Sashimi Salad:

Though I didn’t consume any alcohol during the dinner, my friends didn’t hesitate to sample much of the drink menu. I believe many of them particularly enjoyed the bamboo drink. I found the mixed drink menu to be very reasonably priced, and the selection nicely varied.


The last tapas entry before dessert was the grilled salted pork cheek. The yuzu pepper was something that made the dish a real knock-out because it helped to cut the excessive saltiness of the dish. I particularly enjoyed the char-grilling and salting that was done prior to searing which made the dish very fragrant. I really enjoyed this dish and would recommend it.


Last, but not least, was the lovely Sake Cheesecake. This was a very tiny sliver of cheesecake, but what it lacked in size, it packed in flavour. The sake, I found, was very pronounced and really elevated the cheesecake from the norm. I still do find that portioning to be a bit small for $4, but once again, just my opinion.

Cheesecake sliver:

With our cheque came some lovely frozen grapes, compliments of the chef. They were a simple and elegant way to end the meal. Free things, no matter how small they may seem, are always welcome and make a customer feel warm and fuzzy inside.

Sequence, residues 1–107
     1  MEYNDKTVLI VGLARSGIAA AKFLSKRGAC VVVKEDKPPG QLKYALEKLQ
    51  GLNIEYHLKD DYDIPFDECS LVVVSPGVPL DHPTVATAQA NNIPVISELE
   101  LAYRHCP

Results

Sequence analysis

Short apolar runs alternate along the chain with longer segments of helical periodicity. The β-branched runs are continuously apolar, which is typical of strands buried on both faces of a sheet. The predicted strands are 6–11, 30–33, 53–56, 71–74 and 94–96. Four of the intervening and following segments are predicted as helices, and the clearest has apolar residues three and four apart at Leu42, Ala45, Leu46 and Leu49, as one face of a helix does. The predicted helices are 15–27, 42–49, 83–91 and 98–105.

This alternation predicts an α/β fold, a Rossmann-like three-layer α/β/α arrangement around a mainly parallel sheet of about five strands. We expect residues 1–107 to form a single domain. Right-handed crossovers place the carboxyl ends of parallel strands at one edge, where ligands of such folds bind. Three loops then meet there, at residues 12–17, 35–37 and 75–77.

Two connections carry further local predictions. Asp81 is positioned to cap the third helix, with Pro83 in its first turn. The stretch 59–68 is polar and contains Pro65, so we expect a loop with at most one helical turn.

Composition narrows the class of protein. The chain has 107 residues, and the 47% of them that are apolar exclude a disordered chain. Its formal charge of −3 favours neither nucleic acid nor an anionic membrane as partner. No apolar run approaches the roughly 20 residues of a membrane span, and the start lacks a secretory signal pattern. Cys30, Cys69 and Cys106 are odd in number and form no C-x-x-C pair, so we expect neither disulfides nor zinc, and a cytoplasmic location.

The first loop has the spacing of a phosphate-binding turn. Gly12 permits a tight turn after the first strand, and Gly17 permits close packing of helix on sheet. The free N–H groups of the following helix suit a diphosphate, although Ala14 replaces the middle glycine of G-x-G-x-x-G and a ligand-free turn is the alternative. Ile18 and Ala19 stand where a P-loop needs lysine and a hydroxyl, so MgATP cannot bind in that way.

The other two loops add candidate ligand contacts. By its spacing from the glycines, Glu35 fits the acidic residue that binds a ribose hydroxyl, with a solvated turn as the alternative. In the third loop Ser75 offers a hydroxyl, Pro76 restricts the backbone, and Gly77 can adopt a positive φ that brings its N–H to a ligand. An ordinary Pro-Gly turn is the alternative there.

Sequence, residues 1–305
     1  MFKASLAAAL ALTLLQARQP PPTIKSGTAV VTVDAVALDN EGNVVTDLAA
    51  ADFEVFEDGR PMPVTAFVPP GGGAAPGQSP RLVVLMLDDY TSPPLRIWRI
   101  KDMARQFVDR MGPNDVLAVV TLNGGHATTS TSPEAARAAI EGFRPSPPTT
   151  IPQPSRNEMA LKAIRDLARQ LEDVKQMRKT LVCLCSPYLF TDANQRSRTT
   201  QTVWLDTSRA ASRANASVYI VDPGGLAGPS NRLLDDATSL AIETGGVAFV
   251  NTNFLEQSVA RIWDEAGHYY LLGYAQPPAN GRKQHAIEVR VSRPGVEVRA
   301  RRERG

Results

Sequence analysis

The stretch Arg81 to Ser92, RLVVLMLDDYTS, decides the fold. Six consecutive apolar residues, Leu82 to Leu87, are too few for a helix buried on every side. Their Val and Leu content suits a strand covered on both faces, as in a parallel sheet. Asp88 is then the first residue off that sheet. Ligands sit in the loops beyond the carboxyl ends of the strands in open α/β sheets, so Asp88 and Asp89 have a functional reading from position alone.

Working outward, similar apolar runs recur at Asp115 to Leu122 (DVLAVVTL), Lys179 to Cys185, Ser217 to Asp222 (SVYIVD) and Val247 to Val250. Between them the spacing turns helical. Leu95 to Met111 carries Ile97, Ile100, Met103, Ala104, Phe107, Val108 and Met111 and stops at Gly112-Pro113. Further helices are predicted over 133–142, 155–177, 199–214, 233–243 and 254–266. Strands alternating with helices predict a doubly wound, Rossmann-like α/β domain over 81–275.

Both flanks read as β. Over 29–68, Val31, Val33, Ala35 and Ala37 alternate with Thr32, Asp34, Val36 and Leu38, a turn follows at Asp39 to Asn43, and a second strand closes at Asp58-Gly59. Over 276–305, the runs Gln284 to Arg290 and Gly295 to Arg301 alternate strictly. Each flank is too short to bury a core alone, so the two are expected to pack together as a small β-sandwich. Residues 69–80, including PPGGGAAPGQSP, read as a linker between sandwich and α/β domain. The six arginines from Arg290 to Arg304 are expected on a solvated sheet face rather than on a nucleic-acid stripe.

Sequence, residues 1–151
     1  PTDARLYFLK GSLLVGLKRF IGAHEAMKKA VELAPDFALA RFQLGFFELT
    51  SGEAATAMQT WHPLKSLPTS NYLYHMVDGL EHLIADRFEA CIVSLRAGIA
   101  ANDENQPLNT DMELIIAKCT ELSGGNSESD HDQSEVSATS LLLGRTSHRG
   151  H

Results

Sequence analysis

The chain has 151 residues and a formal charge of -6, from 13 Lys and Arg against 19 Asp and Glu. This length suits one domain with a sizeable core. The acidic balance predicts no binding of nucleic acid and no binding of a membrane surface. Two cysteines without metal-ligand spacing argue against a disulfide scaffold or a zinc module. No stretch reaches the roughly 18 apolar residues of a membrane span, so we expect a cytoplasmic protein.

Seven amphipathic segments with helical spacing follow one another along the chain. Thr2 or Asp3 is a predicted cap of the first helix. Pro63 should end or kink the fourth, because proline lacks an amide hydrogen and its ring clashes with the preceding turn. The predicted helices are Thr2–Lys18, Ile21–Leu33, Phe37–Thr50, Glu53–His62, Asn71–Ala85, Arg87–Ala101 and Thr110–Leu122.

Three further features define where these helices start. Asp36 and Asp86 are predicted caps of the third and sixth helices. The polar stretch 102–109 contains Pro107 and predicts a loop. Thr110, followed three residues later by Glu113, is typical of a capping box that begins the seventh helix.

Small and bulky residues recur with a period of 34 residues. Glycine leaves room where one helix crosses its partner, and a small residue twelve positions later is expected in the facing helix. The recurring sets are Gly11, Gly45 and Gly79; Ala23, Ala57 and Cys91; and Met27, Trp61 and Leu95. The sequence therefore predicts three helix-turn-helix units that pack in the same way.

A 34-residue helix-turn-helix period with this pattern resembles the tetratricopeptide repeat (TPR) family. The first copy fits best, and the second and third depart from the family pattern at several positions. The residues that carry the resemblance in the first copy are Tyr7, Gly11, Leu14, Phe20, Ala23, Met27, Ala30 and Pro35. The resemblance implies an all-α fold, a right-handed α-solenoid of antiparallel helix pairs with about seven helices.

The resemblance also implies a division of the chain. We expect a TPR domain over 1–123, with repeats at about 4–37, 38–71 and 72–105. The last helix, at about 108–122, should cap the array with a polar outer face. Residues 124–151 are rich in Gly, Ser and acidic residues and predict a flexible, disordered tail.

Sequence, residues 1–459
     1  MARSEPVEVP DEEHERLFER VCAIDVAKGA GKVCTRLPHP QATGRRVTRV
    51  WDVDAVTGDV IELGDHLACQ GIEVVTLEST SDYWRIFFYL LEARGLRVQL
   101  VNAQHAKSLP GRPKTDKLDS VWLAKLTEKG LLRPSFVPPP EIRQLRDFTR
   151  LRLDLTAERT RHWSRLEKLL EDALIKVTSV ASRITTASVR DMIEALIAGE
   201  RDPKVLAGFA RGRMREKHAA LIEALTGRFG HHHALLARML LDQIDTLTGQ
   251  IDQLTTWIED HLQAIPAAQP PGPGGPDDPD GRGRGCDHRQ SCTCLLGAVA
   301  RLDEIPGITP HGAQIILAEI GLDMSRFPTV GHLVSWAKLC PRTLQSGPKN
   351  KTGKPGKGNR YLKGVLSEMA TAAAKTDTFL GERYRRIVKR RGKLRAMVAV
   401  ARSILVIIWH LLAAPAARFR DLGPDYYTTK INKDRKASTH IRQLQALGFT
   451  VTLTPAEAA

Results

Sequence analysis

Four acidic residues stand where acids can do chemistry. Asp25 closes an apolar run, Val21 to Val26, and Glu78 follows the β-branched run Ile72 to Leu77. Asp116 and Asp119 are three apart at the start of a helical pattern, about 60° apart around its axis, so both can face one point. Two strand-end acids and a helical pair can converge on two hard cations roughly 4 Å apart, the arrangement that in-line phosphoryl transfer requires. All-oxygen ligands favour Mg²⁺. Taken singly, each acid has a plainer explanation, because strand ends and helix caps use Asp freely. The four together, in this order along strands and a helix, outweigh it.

Frozen Grapes:

Here is a photo of the kitchen itself. It’s always amazing how much food comes out of such a small space.

Guu Kitchen:

I’ve also included some photos of the menu. They’re not perfect, but I didn’t have a chance to upload a more comprehensive version.

Specials menu:
Guu menu:
Guu menu 2:
Guu drinks menu:

Upon leaving the restaurant, we were once again serenaded with the same hoots and jolly hollers we were met with when we first arrived. It really makes you feel so welcome to this establishment and I just can’t wait to come back!

I would highly recommend Guu for a casual and fun night out – the more the merrier! It’s great to sample more of the dishes; otherwise, you get too full too quickly. I was very surprised something like this can be found in Toronto. I really think that Guu is world-class and now understand the excitement coming from other Chowhounds upon hearing of their opening! The atmosphere is fun and electric and the food is really top-notch, with of course some dishes stronger for me than others. I hope they can maintain the quality of their dishes, because as it stands, Guu really knocks their competitors out of the water in Toronto. Guu-d luck to them! It’s a small space, so it’s bound to be packed. So run, don’t walk to Guu. You won’t be disappointed. I know I wasn't!

Guu Izakaya
398 Church Street

Cheers and Happy Eating!